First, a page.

A member of the local Olympic Committee said on Friday that Japan found itself “stuck” with the Tokyo Olympics scheduled to be held in just seven weeks, arguing that the event had “lost its meaning” but it was too late to cancel it.
The Olympic Games, postponed last year due to the epidemic, will be held from July 23 to August 8, and the Olympic authorities, Tokyo 2020 organizers and the Japanese government are touching, despite the health situation and the opposition of the majority of Japanese. .
“I think we’ve already missed an opportunity to cancel it,” judoka and Japanese Olympic Committee member Kaori Yamaguchi said in a column published by Kyodo.
“We found ourselves trapped in a situation where we can’t stop anything now,” the 1988 Seoul Olympic bronze medalist said, adding, “The Games have already lost their meaning and are being preserved just because they have to.” .
The former athlete criticized the position of the Japanese government, the Tokyo 2020 organizing committee and the International Olympic Committee, which “appear to want to avoid dialogue”.
Aren’t the Olympics supposed to be a peace festival? She asks.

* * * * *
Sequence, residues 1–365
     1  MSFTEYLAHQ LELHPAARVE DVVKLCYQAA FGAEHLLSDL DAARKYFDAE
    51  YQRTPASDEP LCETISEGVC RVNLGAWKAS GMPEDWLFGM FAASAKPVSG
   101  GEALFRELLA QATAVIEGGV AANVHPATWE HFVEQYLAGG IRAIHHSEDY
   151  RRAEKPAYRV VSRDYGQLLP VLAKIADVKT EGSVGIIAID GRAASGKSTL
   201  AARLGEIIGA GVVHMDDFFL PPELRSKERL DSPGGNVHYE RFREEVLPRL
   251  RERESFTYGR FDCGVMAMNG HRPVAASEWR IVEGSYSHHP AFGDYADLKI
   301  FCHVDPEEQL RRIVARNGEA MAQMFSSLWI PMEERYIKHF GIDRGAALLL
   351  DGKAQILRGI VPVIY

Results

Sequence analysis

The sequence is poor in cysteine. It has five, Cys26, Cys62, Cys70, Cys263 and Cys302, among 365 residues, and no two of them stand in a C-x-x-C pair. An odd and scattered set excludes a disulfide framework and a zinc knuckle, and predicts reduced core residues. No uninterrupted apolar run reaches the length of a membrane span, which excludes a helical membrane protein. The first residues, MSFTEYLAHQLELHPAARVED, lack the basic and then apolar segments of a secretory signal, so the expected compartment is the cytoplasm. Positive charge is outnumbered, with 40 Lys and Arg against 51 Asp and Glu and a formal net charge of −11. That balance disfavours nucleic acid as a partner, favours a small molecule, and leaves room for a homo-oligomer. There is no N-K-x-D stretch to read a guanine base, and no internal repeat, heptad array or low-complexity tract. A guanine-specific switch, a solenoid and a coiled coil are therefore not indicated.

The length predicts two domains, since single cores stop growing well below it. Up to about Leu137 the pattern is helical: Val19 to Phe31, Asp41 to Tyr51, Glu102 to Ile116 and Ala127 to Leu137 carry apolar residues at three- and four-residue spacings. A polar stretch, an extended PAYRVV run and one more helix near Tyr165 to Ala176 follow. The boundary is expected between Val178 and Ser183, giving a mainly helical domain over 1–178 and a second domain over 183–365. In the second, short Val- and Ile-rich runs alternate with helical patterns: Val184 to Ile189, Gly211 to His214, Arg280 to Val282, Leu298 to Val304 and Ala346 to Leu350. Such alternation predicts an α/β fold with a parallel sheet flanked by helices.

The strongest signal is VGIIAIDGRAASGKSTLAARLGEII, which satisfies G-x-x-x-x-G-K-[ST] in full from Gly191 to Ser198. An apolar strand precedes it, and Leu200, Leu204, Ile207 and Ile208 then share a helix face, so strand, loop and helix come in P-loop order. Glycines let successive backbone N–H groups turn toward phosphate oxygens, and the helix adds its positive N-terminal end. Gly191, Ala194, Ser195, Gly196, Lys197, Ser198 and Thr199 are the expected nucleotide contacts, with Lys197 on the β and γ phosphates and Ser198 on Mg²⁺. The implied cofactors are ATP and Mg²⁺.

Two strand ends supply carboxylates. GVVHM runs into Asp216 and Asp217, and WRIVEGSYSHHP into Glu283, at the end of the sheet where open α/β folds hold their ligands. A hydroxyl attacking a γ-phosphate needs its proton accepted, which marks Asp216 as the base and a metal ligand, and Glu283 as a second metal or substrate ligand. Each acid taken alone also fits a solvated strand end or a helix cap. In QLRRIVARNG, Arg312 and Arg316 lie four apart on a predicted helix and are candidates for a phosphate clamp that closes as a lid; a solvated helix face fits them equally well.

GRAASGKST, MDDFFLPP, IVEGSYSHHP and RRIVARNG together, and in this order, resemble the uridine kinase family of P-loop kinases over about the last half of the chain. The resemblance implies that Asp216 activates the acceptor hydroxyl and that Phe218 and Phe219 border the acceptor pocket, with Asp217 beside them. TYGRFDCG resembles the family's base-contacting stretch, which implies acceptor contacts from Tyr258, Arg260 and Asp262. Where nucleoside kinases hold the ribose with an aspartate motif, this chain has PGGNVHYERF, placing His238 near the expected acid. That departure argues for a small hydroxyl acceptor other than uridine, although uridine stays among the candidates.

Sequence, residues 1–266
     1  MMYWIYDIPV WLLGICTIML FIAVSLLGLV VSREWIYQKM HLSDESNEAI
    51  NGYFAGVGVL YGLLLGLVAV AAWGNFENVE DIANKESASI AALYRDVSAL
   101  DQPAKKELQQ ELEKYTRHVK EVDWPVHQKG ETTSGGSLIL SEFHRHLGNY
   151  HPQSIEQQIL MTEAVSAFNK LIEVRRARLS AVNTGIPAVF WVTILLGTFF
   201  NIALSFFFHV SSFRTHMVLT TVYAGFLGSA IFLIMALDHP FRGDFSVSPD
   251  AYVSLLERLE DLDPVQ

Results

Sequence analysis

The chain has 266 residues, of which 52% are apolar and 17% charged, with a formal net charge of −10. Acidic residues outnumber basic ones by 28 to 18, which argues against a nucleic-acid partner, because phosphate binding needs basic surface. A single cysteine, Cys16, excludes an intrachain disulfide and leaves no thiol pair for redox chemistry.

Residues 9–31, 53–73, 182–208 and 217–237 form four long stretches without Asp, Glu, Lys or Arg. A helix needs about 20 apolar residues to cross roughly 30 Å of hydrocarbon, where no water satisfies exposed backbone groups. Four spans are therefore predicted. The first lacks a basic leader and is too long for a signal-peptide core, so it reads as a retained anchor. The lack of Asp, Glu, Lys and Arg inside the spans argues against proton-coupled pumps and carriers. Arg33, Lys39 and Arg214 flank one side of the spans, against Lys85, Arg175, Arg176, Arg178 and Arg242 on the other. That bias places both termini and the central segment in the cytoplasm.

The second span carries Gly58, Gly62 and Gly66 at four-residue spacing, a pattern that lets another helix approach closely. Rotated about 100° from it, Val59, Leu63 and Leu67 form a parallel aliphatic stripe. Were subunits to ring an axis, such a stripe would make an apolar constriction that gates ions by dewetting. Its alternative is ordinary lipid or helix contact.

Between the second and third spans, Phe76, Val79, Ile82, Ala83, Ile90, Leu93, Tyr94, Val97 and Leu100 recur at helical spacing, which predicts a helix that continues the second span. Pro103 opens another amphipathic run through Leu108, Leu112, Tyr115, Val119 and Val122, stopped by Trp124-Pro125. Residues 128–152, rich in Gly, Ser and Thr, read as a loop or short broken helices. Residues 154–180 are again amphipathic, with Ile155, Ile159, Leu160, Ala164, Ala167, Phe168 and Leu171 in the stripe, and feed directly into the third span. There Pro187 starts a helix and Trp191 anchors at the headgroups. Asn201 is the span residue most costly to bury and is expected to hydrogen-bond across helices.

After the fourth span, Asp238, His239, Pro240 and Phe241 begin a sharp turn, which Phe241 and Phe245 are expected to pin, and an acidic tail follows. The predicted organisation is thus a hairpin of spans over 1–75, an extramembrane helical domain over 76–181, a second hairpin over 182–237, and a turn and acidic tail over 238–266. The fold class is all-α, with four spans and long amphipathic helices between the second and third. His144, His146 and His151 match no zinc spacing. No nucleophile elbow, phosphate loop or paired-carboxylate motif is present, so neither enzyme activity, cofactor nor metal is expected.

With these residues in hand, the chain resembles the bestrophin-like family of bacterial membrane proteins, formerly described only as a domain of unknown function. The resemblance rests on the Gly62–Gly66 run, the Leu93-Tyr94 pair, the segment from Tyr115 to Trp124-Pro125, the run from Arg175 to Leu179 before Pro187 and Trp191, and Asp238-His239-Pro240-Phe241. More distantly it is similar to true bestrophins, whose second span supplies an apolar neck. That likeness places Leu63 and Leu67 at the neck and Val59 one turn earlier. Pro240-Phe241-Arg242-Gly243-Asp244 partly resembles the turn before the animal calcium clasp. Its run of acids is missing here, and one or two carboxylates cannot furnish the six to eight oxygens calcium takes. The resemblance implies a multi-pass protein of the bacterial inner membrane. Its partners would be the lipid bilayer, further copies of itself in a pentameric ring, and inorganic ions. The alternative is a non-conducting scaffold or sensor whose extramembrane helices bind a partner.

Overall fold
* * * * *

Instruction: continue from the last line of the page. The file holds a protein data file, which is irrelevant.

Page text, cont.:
“The opposite of peace is a tough and stubborn approach of saying ‘People may be against it, but they will change their minds when the games start.'”I Yamaguchi.
She said she regretted, “The IOC seems to think that public opinion in Japan is not important.”
According to multiple polls, Japanese people are mostly against holding the Games this summer, fearing that the event will deteriorate the health situation, while 10 of the archipelago’s 47 divisions are still in a state of emergency.
John Coates, vice president of the International Olympic Committee, said last month that the Olympics would take place even if Tokyo was in a state of emergency.
Japan’s vaccination campaign, which began in February, has been widely criticized for being slow. Although there have been signs of an acceleration in recent days, only 3% of Japan’s population has received two doses of the vaccine.
The Japanese government’s chief medical advisor, Shigeru Ohmi, warned Japan’s parliament on Friday that the country should avoid hosting the Games if the state of emergency is extended beyond June 20.
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